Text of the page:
Blyden in 1962.
|Born||Ivan Lawrence Blieden
June 23, 1925
Houston, Texas, U.S.
|Died||June 6, 1975
|Occupation||Actor/Game show host|
|Spouse(s)||Carol Haney (1955–1962)|
Joshua Blyden (1957–2000)Ellen (1960- )
Born Ivan Lawrence Blieden in Houston, Texas, Blyden, a practicing Jew, was married to actress and dancer Carol Haney (1925–1964) between 1955 and 1962. The couple had two children: Joshua (1957-2000) and Ellen (1960- ). Their relationship was tempestuous, and they divorced two years before her death.
Blyden and Haney resided in the historic Achenbach House in Saddle River, New Jersey, which they believed to be haunted by the spirit of its builder. The house was later sold to tour operator Mario Perillo and was destroyed by fire in 2004.
Blyden's career had three distinct phases. For most of his career, he was known as a character actor on television and on Broadway. Other television work he did included starring in one situation comedy, Harry's Girls, which ran on NBC for fifteen episodes from 1963 to 1964. In this adaptation of the Robert E. Sherwood play Idiot's Delight, he starred as Harry, a vaudeville style performer constantly getting into trouble and falling in love.
He made guest performances on such dramatic anthology shows as Playhouse 90, Omnibus, and The Loretta Young Show along with The Twilight Zone and other non-anthology dramatic programs. In a 1965 episode of The Alfred Hitchcock Hour called "Wally the Beard," he portrayed a meek, balding man whose life undergoes many changes, including a murder, once he begins wearing a toupee and beard while changing his appearance and identity. In 1965 he was featured in an episode of The Man from U.N.C.L.E., "The Waverly Ring Affair", as a suspected double agent.
Blyden was also a stage actor who appeared both on Broadway and off-Broadway. His first Broadway role was in Wish You Wish Here. In 1958, he was in the original cast of Flower Drum Song as the slick Sammy Fong, for which he was nominated for a Tony Award for Best Actor in a Musical. The show was choreographed by his wife, and Blyden replaced Larry Storch in the role during out-of-town tryouts. He starred in shows such as Mister Roberts, succeeding David Wayne as Ensign Frank Pulver, Foxy, The Apple Tree (as the snake), You Know I Can't Hear You When the Water's Running, and a revival of A Funny Thing Happened on the Way to the Forum (with Phil Silvers), for which Blyden won the Tony Award for Best Featured Actor in a Musical for the role of the slave Hysterium.
Late in his career, he became a game-show presenter and "emcee," or master of ceremonies, starting with Personality in 1967. He also hosted You're Putting Me On, The Movie Game, and finally and most successfully, What's My Line?. Blyden also had a brief, and rather uneventful, film career. In 1974, Blyden appeared in a play in New Haven, Connecticut with the Yale Repertory Theatre. A musical comedy named The Frogs, by Burt Shevelove, and freely based on a play written by Aristophanes in 405 B.C., its music had been composed, and its lyrics written, by Stephen Sondheim. Blyden played Dionysos.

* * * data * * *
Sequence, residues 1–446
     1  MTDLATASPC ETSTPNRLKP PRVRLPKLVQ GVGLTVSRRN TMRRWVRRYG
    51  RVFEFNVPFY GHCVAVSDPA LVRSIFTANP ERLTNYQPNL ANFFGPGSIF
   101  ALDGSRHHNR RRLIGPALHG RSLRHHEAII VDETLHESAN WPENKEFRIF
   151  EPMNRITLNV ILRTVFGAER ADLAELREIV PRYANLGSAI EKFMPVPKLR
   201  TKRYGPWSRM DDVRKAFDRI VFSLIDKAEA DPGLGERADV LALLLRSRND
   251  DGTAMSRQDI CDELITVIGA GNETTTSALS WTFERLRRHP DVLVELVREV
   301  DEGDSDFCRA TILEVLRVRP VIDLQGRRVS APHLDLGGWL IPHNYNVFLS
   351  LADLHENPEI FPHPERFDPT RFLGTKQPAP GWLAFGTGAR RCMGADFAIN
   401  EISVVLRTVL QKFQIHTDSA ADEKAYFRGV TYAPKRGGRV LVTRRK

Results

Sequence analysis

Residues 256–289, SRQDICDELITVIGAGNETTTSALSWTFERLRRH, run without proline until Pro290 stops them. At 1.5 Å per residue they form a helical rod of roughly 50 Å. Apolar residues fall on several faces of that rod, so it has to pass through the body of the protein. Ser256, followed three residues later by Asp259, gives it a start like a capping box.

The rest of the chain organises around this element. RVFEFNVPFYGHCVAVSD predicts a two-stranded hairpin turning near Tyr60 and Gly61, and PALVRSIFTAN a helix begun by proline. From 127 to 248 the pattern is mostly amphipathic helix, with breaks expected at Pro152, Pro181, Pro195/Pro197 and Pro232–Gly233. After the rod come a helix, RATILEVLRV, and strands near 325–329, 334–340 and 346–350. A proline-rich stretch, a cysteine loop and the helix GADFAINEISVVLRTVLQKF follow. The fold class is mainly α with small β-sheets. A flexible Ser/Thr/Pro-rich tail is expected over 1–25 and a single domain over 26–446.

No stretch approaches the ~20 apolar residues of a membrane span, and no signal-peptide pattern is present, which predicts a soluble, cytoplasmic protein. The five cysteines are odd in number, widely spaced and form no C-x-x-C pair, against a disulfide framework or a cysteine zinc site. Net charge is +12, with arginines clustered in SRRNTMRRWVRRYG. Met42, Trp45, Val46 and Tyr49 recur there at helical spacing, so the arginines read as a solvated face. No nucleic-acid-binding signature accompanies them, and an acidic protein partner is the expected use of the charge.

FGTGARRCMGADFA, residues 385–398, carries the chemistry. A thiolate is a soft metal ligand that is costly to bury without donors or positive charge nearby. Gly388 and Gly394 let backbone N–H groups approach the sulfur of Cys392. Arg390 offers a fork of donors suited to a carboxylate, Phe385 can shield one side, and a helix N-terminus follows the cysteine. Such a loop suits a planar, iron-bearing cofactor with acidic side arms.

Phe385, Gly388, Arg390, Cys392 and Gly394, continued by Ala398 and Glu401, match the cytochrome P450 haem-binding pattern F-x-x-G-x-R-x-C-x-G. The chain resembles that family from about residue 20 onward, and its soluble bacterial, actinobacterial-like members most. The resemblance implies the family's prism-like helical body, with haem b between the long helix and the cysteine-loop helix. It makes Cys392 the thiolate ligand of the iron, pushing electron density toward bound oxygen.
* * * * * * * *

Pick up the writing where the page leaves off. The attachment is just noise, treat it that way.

In the weeks before his death, Blyden was involved in several major projects. He co-hosted the Tony Awards telecast on April 20, 1975. That May 2, Blyden reprised his role as Ensign Pulver opposite Henry Fonda at a gala tribute to director Joshua Logan at Broadway's Imperial Theatre (which was recorded and eventually released on a privately distributed LP album). Having been hired as host of the Mark Goodson-Bill Todman game show Showoffs, Blyden left the cast of the Broadway production of the Alan Ayckbourn comedy Absurd Person Singular and videotaped a pilot for the game show on May 24. He also prerecorded a segment of CBS's Bicentennial Minute which aired during primetime the evening of May 30.
On May 30, 1975, Blyden was vacationing in Morocco. While driving to Tan-Tan on the 31st to shop for native jewelry, his rental car reportedly went off the road and overturned, knocking him unconscious. Doctors in an Agadir hospital were initially unable to contact Blyden's family, as Blyden had been carrying no identification. Blyden died on June 6, 1975, less than three weeks before he would have turned 50. Another theory regarding Blyden's death has been suggested. On the commentary track of the 2009 DVD release of Blyden's TV production of What Makes Sammy Run? (1959), his co-star Barbara Rush claimed Blyden had been carjacked in Morocco and killed on the spot for his vehicle.
- Bloom and Vlastnik, p. 207
- Fisher, Janon. "Bergen County House on Historic Register Is Fire Victim", The New York Times, March 20, 2004. Accessed February 4, 2012. "In the 1960s, the private house, known as the Achenbach House, was the home of the actor and producer Larry Blyden and his wife, the actress and dancer Carol Haney, who believed the house was haunted. Later it was owned by Mario Perillo of Perillo Tours, well known for his television commercials selling package tours to Italy; after his death, the house passed to Mr. Perillo's son Stephen, the current owner."
- Original program from this production by the Yale Repertory Theatre.
- Game Shows '75: Showoffs
- Block, Geoffrey (2003). Richard Rodgers. New Haven, Conn.: Yale University Press. ISBN 0-300-09747-6.
- "Larry Blyden, 49, Dies in Morocco of Injuries Sustained in Auto Accident". Variety. 9 June 1975. Archived from the original on 2005-04-04. Retrieved 2008-07-06.
- Gardner, Paul (1974-05-19). "'Frogs' They Would A-Swimming Go". The New York Times. Retrieved 2008-07-06.
- Fates, Gil (1978). What's My Line: The Inside History of TV's Most Famous Panel Show. Englewood Cliffs, NJ: Prentice-Hall. ISBN 0-13-955146-8.
- Larry Blyden at Find a Grave
- Larry Blyden at the Internet Broadway Database
- Larry Blyden at the Internet Movie Database
- Discography at SonyBMG Masterworks
- Blyden as a guest on Password on YouTube
|Host of What's My Line?